So how is the category of trauma being practised in the clinical domain? Given the prominence of trauma as a policy concern, might the formal diagnosis of trauma have become overgeneralised? Commenting on practices in psychiatry and clinical psychology, researchers in the sector such as Nick Haslam suggest that the definition of trauma has been subject to a process of ‘concept creep’. That is, operational criteria have become rubbery, with a bias towards inclusion of people and problems in the category, rather than exclusion. Indeed some expert spokespeople are publicly advocating that the experience of trauma has a universal ambit. ‘We all have them [traumatic memories] tucked away in the lower part of our brain, in the cerebellum’, was the opinion recently voiced as a scientific truth by a leading clinical psychologist to an Australia-wide audience on Radio National’s Life Matters. How do you know that you have this dark past? Listeners were told that the evidence is in: each time you overreact, or act out of character, this tells you that you have embedded trauma. This leading comment recalls the argument put forward by philosopher Ian Hacking that there is an unstable relationship between what the mental-health trade terms ‘case finding’ and what he terms ‘people making’.
The ‘infirming’ possibilities of ‘trauma’
In Fragile Nation: Vulnerability, Resilience and Victimhood, Tanveer Ahmed, a Bangladeshi-born, western-Sydney-based psychiatrist, presented details of his work with a resettled Afghani migrant who had experienced multiple traumas during the fifty-year-long tragedy that is the recent history of his country. According to Ahmed, this man had coped remarkably well until he internalised a diagnosis of PTSD, a turn that occurred while he was being therapeutically socialised to become more reflective and emotionally literate. Ahmed concludes that the ‘[PTSD] diagnosis became his identity and rendered him psychologically disabled’.
Rather than the therapeutic process providing relief and greater options, in this (and other cases) Ahmed describes an inadvertent process whereby people can be ‘infirmed’ by their diagnosis. Such an invalidating process can be subtle but powerful. For example, if a person becomes convinced by a bone fide authority figure (such as the Radio National expert above) that it is evidence of a history of trauma to overreact or act out of character—by being tearful, fearful, conflicted or aggressive—this has the potential to alter how everyday events are interpreted. Ahmed offers the following summary:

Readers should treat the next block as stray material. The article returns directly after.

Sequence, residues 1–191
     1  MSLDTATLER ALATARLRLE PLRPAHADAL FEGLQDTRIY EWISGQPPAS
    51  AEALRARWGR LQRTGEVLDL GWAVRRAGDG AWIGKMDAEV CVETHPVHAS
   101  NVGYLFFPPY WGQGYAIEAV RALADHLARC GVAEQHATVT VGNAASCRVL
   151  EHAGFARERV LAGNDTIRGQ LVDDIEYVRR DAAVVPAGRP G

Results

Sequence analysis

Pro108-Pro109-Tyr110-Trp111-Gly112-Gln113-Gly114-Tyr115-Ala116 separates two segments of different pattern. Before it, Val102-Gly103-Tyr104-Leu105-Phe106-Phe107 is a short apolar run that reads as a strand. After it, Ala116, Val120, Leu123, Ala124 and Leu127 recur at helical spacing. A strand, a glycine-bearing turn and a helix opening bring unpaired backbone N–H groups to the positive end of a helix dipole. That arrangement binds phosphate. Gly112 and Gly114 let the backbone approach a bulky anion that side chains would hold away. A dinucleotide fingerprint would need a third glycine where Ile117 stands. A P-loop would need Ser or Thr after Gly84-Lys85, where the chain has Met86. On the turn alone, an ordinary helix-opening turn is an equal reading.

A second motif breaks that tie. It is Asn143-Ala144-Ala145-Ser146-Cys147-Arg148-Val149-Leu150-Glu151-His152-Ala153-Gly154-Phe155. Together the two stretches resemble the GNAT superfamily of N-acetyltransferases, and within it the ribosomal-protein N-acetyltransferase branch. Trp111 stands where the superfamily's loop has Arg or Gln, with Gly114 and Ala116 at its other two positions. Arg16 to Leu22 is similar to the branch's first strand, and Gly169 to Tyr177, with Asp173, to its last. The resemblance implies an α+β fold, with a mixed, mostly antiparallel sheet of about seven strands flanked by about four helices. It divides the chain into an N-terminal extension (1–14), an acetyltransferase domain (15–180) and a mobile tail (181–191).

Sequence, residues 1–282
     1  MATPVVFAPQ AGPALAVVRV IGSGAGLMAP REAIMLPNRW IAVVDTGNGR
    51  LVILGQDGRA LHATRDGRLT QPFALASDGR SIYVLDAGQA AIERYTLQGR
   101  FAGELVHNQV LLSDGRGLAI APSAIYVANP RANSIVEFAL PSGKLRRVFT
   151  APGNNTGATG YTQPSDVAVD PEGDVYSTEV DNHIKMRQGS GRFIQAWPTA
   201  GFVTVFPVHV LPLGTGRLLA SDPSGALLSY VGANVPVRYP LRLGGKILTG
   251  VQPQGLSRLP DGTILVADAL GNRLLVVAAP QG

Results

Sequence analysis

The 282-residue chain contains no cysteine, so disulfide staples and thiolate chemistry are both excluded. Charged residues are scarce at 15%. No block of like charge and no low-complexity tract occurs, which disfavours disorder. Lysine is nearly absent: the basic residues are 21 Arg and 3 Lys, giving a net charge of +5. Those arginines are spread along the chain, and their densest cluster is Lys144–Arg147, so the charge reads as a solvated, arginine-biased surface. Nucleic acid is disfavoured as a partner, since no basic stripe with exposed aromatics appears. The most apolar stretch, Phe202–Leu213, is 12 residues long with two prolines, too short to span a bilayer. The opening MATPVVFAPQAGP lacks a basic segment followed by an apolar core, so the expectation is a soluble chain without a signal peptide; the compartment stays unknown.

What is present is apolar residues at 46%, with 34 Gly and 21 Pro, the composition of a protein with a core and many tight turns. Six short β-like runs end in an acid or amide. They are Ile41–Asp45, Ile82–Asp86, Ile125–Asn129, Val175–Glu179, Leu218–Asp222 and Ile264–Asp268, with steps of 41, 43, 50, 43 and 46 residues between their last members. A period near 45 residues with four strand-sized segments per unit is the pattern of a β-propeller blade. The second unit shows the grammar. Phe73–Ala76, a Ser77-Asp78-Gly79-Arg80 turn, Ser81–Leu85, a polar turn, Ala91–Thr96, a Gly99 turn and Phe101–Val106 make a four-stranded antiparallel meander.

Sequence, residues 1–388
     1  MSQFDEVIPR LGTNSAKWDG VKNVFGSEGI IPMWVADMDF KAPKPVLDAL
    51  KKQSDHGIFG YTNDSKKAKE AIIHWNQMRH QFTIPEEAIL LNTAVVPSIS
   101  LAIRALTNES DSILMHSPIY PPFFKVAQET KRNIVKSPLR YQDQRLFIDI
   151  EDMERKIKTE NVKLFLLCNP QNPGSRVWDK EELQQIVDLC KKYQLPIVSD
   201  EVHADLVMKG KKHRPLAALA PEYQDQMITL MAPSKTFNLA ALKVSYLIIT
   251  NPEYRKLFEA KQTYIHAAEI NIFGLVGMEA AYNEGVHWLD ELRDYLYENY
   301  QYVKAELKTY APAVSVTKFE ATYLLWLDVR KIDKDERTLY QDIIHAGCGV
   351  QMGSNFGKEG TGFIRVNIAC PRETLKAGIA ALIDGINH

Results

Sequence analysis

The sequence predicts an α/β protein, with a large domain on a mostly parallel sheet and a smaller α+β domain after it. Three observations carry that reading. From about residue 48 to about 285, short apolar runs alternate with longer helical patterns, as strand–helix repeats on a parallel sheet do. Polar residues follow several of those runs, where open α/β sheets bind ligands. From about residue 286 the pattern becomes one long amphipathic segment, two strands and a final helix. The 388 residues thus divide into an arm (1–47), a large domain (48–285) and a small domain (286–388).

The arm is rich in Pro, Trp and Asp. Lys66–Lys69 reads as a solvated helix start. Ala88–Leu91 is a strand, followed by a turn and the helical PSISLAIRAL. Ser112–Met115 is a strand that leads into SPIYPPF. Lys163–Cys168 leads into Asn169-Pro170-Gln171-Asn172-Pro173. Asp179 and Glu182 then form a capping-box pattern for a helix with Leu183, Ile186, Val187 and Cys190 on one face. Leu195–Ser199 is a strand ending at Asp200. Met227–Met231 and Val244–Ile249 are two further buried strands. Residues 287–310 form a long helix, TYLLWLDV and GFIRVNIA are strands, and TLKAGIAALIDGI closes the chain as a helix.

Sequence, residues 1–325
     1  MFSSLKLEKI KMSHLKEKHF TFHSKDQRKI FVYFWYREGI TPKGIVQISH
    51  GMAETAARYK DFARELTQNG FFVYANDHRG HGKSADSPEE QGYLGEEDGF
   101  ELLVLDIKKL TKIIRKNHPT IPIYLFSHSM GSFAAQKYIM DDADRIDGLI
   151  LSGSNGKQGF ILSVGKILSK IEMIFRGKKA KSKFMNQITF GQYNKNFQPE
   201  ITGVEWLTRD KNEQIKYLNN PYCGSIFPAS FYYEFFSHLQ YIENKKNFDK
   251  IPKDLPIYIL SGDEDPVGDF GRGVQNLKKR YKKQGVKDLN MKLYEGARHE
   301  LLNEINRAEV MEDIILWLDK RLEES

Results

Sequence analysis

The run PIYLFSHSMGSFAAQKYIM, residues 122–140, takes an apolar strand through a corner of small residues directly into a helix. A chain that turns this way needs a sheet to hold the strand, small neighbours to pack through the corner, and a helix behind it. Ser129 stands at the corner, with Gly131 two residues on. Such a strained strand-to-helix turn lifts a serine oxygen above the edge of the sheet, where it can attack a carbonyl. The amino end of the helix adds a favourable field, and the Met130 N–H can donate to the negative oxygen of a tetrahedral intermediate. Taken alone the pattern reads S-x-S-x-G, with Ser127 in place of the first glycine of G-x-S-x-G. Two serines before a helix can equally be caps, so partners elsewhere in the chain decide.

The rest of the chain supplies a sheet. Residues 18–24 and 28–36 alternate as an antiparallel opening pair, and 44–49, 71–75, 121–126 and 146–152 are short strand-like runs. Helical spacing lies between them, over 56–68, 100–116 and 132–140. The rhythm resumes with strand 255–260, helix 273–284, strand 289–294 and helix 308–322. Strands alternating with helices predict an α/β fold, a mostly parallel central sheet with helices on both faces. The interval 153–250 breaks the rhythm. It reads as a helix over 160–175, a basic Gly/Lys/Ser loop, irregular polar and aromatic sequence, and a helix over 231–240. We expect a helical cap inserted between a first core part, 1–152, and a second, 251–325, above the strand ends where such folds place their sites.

PTSD is increasingly a synonym for experiencing adversity, measured subjectively, whereas the original meaning of trauma referred to unexpected, life-threatening circumstances that overwhelmed our coping response…PTSD is now an important cultural narrative to process suffering.
Of course, a diagnosis of trauma can have a definite positive moment. Rather than thinking, ‘I am no good, just a useless no-hoper’, it can be enormously reassuring to be told by an expert: ‘You are suffering from trauma. Memories from this event are embedded in your neurology. This causes your emotions and behaviour to become deregulated’. But it is exactly because it has such a positive personal benefit that, as Dennis Saleebey outlines, ‘the diagnosis, the assessment [can]…become the cornerstone of an emergent identity’. For those who are seriously troubled, those with biographies that have wounded and maimed, much is offered by a diagnosis of trauma, but there are also risks if this emergent marker of identity comes to totalise one’s subjectivity in ways that discount one’s sense of agency and accountability.
Consider this double action in which a street outreach program has made contact with Brodie, a forty-year-old with a long history of institutionalisation and primary homelessness. If this man comes to understand that a history of multiple trauma has left him with a chronic impairment, there is a risk that he will conclude that his problem is ‘brainal’: ‘Hey, not only am I a junked-up prison loser; these know-alls are telling me that my wiring has been screwed up. Wow, I guess that makes me a chronic certified neuro’. However well intentioned, practitioners and programs geared to be trauma centred have the potential to leave unwanted legacies.
The process of diagnostic invalidation is familiar to anyone who has witnessed the existential struggle young people experience when told ‘you have schizophrenia’ by an authority. Such events are powerful ceremonies, rituals of transformation, that can inadvertently disrupt and engulf. The conferral of a diagnosis can have a helpful impact, but one of the potential consequences is that a diagnosis of trauma can be interpreted to mean that the needs of my condition revoke my responsibility to think about myself as having agency, or to consider the interests of others. In its privatised iteration, signing up to a diagnosis-specific club can confer a metaphorical entitlement: members get a badge that says, ‘Whose problem am I?’
Post-traumatic stress disorder